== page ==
Privacy law and ethical use of digital health technologies - Hindustan Times
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Privacy law and ethical use of digital health technologies

ByHindustan Times
Jul 05, 2023 07:07 PM IST

This article is authored by Amar Patnaik, lawyer and Member of Parliament, Rajya Sabha from Odisha.

Digital health technologies have the potential to revolutionise health care not only in India but the world over, particularly in the geographies where access to conventional health care will remain a challenge for several years to come given the crunch in public resources. It has become increasingly popular in India due to its potential to improve healthcare delivery and outcomes, felt particularly during the covid pandemics. However, strong privacy laws are a sine qua non for ensuring that individuals' health data is not accessed and processed without their consent or misused in any manner, which may cause them harm. In the light of recent allegations from several quarters about possible leakage of data stored in the CoWin application, this assumes real time significance and urgency.

Digital healthcare (StockPic) PREMIUM
Digital healthcare (StockPic)

The Indian government has launched several initiatives to promote the adoption of digital health technologies. Under the Ayushman Bharat Digital Health Mission (ABDM), the government is creating a National Health Stack, which is envisaged as a public digital infrastructure that aims to provide a secure and interoperable platform for health care data exchange by creating longitudinal as well as cross-sectional electronic health record of every citizen. To date, about 38 crore Ayushman Bharat Health Accounts have been created, and over 26 crore health records are linked to the ABDM.

With India as the G20 president, the country’s focus on digital health can serve as a model for other countries to replicate. India plans to use its G20 presidency to build consensus on building global health resilience.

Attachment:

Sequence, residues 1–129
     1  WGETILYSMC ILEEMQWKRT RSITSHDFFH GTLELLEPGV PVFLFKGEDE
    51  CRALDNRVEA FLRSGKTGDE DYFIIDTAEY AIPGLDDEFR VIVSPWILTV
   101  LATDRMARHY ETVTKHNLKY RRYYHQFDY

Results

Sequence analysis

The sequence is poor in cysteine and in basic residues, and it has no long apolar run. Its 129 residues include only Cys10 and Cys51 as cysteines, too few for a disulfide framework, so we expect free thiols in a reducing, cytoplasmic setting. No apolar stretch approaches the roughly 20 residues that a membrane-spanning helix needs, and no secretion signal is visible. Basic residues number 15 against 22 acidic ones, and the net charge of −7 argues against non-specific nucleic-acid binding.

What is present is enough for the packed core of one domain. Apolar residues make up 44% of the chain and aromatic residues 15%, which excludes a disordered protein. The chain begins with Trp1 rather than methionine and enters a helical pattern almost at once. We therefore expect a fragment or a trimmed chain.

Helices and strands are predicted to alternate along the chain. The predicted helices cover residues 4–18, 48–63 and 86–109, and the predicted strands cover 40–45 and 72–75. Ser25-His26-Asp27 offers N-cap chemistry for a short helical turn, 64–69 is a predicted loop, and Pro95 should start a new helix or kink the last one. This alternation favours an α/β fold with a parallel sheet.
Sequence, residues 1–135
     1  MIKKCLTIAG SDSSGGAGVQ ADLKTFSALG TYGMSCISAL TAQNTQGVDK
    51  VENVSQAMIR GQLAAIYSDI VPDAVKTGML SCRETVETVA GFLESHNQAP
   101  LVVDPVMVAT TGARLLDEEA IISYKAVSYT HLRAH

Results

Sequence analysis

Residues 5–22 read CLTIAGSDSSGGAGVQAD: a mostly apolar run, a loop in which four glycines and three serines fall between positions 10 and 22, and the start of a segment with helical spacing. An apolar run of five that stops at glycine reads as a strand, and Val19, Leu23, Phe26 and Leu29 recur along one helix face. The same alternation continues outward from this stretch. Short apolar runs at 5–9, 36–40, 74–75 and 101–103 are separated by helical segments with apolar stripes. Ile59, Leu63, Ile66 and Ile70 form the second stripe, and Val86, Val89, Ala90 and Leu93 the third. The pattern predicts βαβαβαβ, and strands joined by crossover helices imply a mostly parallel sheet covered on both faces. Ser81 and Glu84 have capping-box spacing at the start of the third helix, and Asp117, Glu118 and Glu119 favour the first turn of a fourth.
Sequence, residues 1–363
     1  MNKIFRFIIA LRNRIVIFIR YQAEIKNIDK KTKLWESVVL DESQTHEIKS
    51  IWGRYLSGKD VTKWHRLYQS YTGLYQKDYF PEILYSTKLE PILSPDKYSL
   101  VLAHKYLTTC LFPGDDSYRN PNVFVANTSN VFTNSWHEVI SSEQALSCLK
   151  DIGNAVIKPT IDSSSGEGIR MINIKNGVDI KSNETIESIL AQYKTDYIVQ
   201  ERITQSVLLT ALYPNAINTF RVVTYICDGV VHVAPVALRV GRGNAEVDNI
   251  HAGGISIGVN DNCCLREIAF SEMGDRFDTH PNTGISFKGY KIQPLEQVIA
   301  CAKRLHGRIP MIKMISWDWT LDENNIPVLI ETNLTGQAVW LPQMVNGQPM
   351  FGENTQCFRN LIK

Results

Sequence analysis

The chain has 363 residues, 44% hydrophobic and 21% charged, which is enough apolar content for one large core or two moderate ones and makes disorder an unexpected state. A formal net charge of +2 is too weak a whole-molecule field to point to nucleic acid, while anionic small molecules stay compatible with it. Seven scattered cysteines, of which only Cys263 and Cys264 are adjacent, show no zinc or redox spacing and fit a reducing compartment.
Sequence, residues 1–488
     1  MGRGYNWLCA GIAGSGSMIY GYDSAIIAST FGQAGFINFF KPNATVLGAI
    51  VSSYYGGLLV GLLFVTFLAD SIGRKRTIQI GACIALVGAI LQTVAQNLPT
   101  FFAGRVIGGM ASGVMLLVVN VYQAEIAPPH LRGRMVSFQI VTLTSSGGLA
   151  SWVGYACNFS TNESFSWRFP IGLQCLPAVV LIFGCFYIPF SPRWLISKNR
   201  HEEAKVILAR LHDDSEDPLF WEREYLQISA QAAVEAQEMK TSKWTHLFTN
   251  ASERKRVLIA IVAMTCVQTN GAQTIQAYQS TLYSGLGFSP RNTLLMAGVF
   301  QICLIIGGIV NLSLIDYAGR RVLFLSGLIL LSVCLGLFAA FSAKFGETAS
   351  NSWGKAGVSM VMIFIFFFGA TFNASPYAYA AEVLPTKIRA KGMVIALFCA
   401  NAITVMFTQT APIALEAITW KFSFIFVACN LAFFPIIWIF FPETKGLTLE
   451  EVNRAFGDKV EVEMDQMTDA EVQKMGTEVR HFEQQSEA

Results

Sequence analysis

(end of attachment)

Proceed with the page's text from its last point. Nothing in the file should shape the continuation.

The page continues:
It is unfortunate that India still lacks a Personal Data Protection law. In its absence, we find guidance in the Supreme Court’s landmark judgment in Justice KS Puttaswamy (Retd) Vs Union of India [AIR 2017 SC 4161], where it held that privacy of personal data such as medical/health data is a fundamental right under Article 21 of the Constitution. Consequently, any policy with a significant bearing on this right must meet the four-prong test laid down in the said judgment, i.e. the measure must be a procedure established by law, aimed at a legitimate goal, just, fair and reasonable, proportionate to the objective sought to be achieved; and have procedural guarantees to check against abuse by state or non-state actors.

According to the Cost of a Data Breach Report 2023 by IBM and Ponemon institute, health care breach costs have been the most expensive industry with an average breach in healthcare costing $ 10.10 million. A health data breach can cause significant harm to an individual in terms of their physical, mental, and financial well-being. Health data breaches can expose an individual's sensitive and personal information, such as their medical history, social security number, and financial details. This can lead to identity theft, fraud, and harassment. Health data breaches can also result in discrimination against an individual, particularly in areas such as employment and insurance. For example, if an individual's genetic information is leaked, it could be used to deny them employment or health insurance coverage. Health data breaches can have a profound impact on an individual's mental health, leading to anxiety, stress, and depression. This is particularly true if the breach involves sensitive information.